What is Andre’s intention in this case, and what is the result? Is he comfortable with this kind of contradiction? Of course not, but by presenting work and intention along with political commitment, we are led to an impasse—although we can be thankful for the broadening of contextual awareness that such contradictions and presentations engender. In a context which stresses political consciousness, one becomes sensitive to metal sculptures being accessories to strip mining. Given the enlargement of our perspective, we may think of some of these things. The question is not whether Andre is responsible for a viewer’s invocations or dissatisfactions. The question is whether he will simply accept the contradictions as a casualty of our social context, or whether he will begin to help transform the context by transforming his product.

Jeff Perrone contributes frequently to Artforum.


Short Bibliography

Carl Andre, catalogue from an exhibition at The Haags Gemeentemuseum, August 23–October 5, 1969, with articles by Hollis Frampton and Enno Develing. Frampton is good on biographical data, but blatantly partisan. Develing’s article, one hopes, has suffered in translation; as is, it goes past mere partisanship and moves into the terrain of criticism-cum-PR release.

Gould, Andrea, “Dialogues with Carl Andre,” Arts Magazine, May, 1974, pp. 27–8. This “dialogue” supposedly “serves to shatter numerous esthetic clichés”; however, its effect is that of a vapid exchange of epigrammatic clichés tossed back and forth between Ms. Gould and Mr. Andre.

Seigel, Jeanne, “Carl Andre: Artworker,” in an interview with Jean Siegel, Studio International, Nov., 1970, pp. 175–9. Following an article on the Art Workers’ Coalition, this interview basically is a promotion for Andre’s image and art, and not for the AWC’s politics. Its most gross attempt to illustrate Andre’s political thought is given in a diagram by Andre which reduces social reality to a three-vector drawing!

Tuchman, Phyllis, “An Interview with Carl Andre,” Artforum, June, 1970, pp. 55–61. Good for Andre’s placement of himself in sculptural history and tradition, but most noteworthy for his talk of an “infinitely expensive” sculpture done in platinum. No comment.



1. Not only does Andre bring up moral questions involved in using the Indians as a reference in his sculpture, but he and his supporters like to allude to formal and iconographical similarities between Indian burial mounds and Andre’s sculpture. (For example, see Frampton, in Carl Andre, pg. 7.1 The Indian issue is one instance where moral and political questions, which Andre would like to dissociate from his sculpture, seem to be quite central. Andre (in Siegel): “I have been subject to politics as long as I’ve been alive. . . . So I’ve been affected by it and hence since I’ve made my art, my art must reflect my political experience. I could not possibly separate them. . . .” Again, one must imagine that his politics are shaped by his morals; the impossibility of separating them in the last quotations, however, is quite different from the following sentiment (in Gould): “I have never seen any correlation between character and art.” This is again in conflict with a statement in Tuchman: “I submit to the properties of my materials [which make up his art] out of a reflection of my own temperament ’certainly part of his character].” The “properties” of the materials he is speaking of is the tendency for metals to rust, which he equates with his temperament. I think it is more revealing that he does not discuss how his objects reflect their commodity value. But then that would not be in line with the somewhat half-hearted attempt to separate the sculpture from its social context (see note 2).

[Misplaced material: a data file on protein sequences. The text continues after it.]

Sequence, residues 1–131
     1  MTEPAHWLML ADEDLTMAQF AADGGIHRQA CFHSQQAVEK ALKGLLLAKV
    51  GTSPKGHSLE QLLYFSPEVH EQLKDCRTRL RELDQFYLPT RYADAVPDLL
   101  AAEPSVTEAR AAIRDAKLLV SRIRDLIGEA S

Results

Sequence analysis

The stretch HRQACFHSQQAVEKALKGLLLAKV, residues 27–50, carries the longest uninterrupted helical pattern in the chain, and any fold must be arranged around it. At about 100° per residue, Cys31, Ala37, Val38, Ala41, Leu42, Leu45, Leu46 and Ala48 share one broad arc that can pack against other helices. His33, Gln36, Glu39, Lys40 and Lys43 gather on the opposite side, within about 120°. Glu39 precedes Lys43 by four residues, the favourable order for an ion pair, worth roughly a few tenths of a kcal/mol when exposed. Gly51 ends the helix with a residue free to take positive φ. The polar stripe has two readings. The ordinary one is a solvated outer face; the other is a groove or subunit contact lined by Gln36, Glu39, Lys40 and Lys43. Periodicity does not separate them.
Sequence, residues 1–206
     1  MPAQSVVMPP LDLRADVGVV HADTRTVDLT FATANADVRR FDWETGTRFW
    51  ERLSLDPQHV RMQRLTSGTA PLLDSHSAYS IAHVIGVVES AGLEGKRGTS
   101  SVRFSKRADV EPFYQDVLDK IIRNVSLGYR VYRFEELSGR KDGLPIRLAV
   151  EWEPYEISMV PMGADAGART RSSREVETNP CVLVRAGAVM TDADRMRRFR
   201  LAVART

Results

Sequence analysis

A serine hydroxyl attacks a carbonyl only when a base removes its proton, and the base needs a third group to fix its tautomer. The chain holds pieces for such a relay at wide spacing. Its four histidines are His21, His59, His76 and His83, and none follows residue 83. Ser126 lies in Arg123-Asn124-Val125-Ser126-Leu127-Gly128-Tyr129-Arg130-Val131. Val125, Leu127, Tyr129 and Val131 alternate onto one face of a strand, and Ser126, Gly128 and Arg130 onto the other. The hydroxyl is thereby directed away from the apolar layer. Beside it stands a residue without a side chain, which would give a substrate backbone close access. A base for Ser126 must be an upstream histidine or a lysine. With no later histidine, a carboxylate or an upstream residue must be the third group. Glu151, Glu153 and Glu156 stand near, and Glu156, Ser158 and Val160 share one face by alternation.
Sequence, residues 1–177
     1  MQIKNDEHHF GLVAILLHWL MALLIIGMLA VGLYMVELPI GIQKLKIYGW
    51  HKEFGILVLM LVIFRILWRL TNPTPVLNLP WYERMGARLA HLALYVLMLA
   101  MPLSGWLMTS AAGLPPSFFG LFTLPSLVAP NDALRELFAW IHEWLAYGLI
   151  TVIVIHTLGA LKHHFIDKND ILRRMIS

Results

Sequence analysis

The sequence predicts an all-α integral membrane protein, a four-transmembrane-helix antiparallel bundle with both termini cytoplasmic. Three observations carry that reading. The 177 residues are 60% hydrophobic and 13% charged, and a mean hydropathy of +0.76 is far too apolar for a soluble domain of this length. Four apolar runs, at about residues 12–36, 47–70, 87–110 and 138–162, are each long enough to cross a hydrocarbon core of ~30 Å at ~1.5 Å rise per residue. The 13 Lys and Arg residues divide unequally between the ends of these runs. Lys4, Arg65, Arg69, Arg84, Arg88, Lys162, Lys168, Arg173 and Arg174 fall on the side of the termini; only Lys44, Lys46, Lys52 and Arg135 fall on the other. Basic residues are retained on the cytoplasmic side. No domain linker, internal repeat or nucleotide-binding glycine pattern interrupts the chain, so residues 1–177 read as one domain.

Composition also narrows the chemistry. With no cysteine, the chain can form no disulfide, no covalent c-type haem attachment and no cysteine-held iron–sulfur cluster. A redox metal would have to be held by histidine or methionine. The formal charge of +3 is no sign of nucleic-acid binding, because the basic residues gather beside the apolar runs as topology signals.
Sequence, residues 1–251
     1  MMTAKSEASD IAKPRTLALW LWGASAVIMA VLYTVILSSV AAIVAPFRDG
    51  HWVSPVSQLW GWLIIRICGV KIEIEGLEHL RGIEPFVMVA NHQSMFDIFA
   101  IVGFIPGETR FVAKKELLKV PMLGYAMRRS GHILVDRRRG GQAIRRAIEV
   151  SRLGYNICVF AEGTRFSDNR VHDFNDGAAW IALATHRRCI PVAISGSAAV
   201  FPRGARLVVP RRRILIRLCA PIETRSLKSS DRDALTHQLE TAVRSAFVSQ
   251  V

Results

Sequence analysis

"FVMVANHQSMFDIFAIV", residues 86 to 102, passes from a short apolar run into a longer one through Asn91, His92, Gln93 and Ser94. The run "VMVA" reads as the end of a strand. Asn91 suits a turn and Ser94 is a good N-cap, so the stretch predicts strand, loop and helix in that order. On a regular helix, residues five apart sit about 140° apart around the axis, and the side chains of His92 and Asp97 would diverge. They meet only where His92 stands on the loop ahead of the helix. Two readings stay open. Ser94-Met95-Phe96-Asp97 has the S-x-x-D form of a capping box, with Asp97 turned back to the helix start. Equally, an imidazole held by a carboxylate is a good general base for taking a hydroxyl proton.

2. At times, Andre has been quite critical of the ways that cultural custodians have (mis)represented his art, and he often takes incredible pains to correct their errors in classifying his sculptural enterprise in intention and historical style. But he also hedged on his own ability to do justice to the range of meanings art may represent. In Gould: “Artists are poor authorities on their own art.” I assume he includes himself in this generalization. And in Siegel: “It [art] was placed aside from the concerns of society not so much by the artist but by the critics and the curators and the art establishment.” This begs two questions: In what way is Andre’s sculpture involved with anything that might be a “concern of society”? But more importantly, if the artist is not to be trusted as an authority, and the art establishment isn’t either (they only alienate the work from unnamed societal concerns), who is left to decide the social or artistic meaning of art? The audience? History? Collectors? Andre has actually made it quite clear that he is the authority on his art, by the trouble he takes to monitor the readings of his work (See Artforum, April and May, 1976).

3. “It is the pretense of the museum [The Metropolitan] that they are an apolitical organization.” (Siegel.) It also seems to be Andre’s pretense about his own sculpture. He may attack the “art establishment,” but he does not consider that these institutions exist as custodians for art objects (like Andre’s sculpture) and it is from these objects that their power derives.

4. References abound. In Siegel:

Andre: I (much more) identify with a producing, literally, working class. I remember when I worked on the railroad.

Siegel: Did your experience as a railroad worker for four years influence your sculpture . . . .?

Andre: Very, very much.

Also see Frampton in Carl Andre, pg. 10; and Develing, Ibid., pg. 40, where he quotes from yet another source, a letter from Barbara Rose, with Andre’s “dropping out of the middle class” story.